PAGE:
Civilian sites can become valid military objectives. So, for example, Australia’s Defence Force Manual lists among military objectives “objects, normally dedicated to civilian purposes, but which are being used for military purposes, e.g. a school house or home which is being used temporarily as a battalion headquarters”. The manual specifies that “For this purpose, ‘use’ does not necessarily mean occupation. For example, if enemy soldiers use a school building as shelter from attack by direct fire, then they are clearly gaining a military advantage from the school. This means the school becomes a military objective and can be attacked.”
Israel’s Manual on the Laws of War goes even further to protect civilians: (para 694)
A situation may arise where the target changes its appearance from civilian to military or vice versa. For instance, if anti-aircraft batteries are stationed on a school roof or a sniper is positioned in a mosque’s minaret, the protection imparted to the facility by its being a civilian object will be removed, and the attacking party will be allowed to hit it . . .A reverse situation may also occur in which an originally military objective becomes a civilian object, as for instance, a large military base that is converted to a collection point for the wounded, and is thus rendered immune to attack.
However, attacks may not be indiscriminate.
It is ultimately up to the commander to determine the nature of the specific, fluid situation. Everything hinges on his or her intent – not on the judgment of other observers and not on finding out better information in hindsight. As stated by Rüdiger Wolfrum and Dieter Fleck in The Handbook of International Humanitarian Law, “The prerequisite for a grave breach (of IHL) is intent; the attack must be intentionally directed at the civilian population or individual civilians, and the intent must embrace physical consequences.”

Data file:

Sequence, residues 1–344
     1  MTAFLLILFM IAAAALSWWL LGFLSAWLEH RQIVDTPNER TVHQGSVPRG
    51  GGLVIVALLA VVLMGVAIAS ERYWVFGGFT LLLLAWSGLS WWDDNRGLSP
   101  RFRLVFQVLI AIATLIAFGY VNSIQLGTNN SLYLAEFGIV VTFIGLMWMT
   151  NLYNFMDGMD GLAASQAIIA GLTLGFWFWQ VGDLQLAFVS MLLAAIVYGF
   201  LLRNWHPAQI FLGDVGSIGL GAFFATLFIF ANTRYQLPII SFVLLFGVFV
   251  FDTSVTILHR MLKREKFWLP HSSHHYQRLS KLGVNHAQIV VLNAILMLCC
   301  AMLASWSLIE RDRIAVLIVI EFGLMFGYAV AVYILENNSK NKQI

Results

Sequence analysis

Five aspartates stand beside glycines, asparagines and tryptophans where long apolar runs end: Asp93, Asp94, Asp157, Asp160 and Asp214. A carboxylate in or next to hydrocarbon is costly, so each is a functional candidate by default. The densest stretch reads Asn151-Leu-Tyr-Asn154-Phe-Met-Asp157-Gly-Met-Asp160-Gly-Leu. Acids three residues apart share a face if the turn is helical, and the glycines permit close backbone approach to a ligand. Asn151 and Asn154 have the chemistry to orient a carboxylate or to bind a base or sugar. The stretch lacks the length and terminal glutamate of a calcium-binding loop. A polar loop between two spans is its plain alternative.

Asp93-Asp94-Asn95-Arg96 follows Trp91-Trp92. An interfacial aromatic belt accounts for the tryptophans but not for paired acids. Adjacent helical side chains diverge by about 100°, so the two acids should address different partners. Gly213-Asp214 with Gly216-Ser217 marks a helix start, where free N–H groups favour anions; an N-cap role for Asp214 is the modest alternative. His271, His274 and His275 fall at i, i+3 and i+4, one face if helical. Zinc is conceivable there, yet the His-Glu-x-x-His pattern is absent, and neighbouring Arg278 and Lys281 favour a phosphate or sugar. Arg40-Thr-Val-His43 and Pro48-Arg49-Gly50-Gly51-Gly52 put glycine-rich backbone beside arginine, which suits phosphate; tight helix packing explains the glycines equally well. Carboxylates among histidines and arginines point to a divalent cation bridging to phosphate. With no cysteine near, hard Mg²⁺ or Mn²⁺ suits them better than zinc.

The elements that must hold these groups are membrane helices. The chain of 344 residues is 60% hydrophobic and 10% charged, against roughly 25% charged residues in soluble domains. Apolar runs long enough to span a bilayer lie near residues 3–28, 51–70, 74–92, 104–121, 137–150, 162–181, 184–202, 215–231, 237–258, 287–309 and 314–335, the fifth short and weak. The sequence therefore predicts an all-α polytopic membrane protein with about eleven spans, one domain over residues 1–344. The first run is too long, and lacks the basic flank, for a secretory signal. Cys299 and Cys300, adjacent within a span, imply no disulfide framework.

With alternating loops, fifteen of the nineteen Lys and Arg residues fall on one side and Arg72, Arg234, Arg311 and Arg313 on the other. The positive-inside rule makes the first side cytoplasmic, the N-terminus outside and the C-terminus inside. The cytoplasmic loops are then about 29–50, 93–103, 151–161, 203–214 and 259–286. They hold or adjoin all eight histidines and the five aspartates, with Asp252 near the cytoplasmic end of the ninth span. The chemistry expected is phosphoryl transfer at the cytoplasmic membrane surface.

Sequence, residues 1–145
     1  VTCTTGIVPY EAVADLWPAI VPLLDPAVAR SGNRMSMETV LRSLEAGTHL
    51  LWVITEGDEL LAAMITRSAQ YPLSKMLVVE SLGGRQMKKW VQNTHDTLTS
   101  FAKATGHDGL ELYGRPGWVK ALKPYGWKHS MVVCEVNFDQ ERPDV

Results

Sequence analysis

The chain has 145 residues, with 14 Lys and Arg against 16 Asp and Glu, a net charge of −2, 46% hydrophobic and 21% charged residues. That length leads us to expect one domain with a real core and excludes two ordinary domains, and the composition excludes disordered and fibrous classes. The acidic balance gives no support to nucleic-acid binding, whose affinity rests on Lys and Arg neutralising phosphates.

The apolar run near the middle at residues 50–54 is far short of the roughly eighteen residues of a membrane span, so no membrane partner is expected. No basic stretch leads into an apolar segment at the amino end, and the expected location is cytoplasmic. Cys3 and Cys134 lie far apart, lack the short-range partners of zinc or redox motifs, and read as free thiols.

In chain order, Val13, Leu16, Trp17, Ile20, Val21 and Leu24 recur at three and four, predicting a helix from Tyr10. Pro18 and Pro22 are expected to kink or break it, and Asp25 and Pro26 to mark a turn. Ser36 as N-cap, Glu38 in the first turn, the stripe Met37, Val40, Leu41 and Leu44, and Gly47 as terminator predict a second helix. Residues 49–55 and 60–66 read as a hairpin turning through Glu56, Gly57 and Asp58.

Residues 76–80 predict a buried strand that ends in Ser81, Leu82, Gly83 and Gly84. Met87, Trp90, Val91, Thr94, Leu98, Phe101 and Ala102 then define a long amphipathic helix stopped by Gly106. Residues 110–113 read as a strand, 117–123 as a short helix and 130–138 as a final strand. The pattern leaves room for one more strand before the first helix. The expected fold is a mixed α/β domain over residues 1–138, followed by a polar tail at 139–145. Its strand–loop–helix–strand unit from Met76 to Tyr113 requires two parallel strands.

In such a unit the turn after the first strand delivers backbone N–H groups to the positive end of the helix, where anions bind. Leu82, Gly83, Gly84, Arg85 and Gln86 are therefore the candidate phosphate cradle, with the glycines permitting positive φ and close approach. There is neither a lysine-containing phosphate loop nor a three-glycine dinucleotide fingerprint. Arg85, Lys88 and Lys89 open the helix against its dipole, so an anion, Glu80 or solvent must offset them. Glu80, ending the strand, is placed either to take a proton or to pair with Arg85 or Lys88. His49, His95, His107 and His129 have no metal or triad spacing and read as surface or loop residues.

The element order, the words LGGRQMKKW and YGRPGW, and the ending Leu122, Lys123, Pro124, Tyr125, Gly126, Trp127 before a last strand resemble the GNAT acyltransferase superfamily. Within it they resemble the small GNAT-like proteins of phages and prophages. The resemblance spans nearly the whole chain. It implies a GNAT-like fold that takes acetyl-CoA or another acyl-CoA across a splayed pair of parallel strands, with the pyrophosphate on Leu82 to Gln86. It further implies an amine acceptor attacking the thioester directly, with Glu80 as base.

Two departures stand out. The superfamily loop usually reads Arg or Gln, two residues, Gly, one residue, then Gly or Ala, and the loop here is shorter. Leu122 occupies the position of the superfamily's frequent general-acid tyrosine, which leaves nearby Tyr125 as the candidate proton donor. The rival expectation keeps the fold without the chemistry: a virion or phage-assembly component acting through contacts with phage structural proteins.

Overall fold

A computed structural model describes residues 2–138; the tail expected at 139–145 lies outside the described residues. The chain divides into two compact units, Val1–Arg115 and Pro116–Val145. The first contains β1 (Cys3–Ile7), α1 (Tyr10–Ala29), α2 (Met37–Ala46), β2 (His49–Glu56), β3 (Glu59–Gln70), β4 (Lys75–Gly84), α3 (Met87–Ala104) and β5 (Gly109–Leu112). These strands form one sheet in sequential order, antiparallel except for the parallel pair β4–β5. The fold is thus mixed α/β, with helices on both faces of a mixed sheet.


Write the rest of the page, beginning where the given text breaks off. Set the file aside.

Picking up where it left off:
In order to find that the commander has committed a war crime, the bar is set quite high. ICRC commentary on art 85 of the Additional Protocol states:
The accused must have acted consciously and with intent, i.e., with his mind on the act and its consequences, and willing the (“criminal intent” or “malice aforethought”); this encompasses the concepts of “wrongful intent” or “recklessness”….
As long as the IDF did not deliberately attack civilians, and the local commander had a military purpose for each target based on the best information available at the time, there is no violation of the principle of distinction.
Clearly, the observers on the ground and around the world who are looking at the results through the distorted lens of TV cameras cannot possibly know what the intent of the IDF commanders are. They don’t know the specific intelligence available, the real-time situation on the ground, the danger to IDF troops or Israeli civilians (in the case of targeting rocket launchers,) the topography of the area (when, for example, the IDF needs to take hgh ground in order to protect its troops) – none of that is available to the armchair analysts who breezily and ignorantly say that IDF actions could amount to war crimes. The bar to determine that is incredibly high, and is not decided by people at Human Rights Watch who change international law at will for their purposes.
The argument that Israel is deliberately attacking civilians has another fatal flaw: if the policy was to attack civilians, then is it difficult to explain how thousands of air strikes and thousands more artillery strikes have killed so few. If the objective is civilian, then there would be tens of thousands of civilian victims. One cannot claim that the IDF is both a uniquely bloodthirsty army using precision weapons to target civilians and at the same time maintain that the IDF is so poor at targeting. Anyone claiming that the IDF is deliberately targeting civilians is either grossly ignorant of how wars are waged, or they are willfully slandering the army.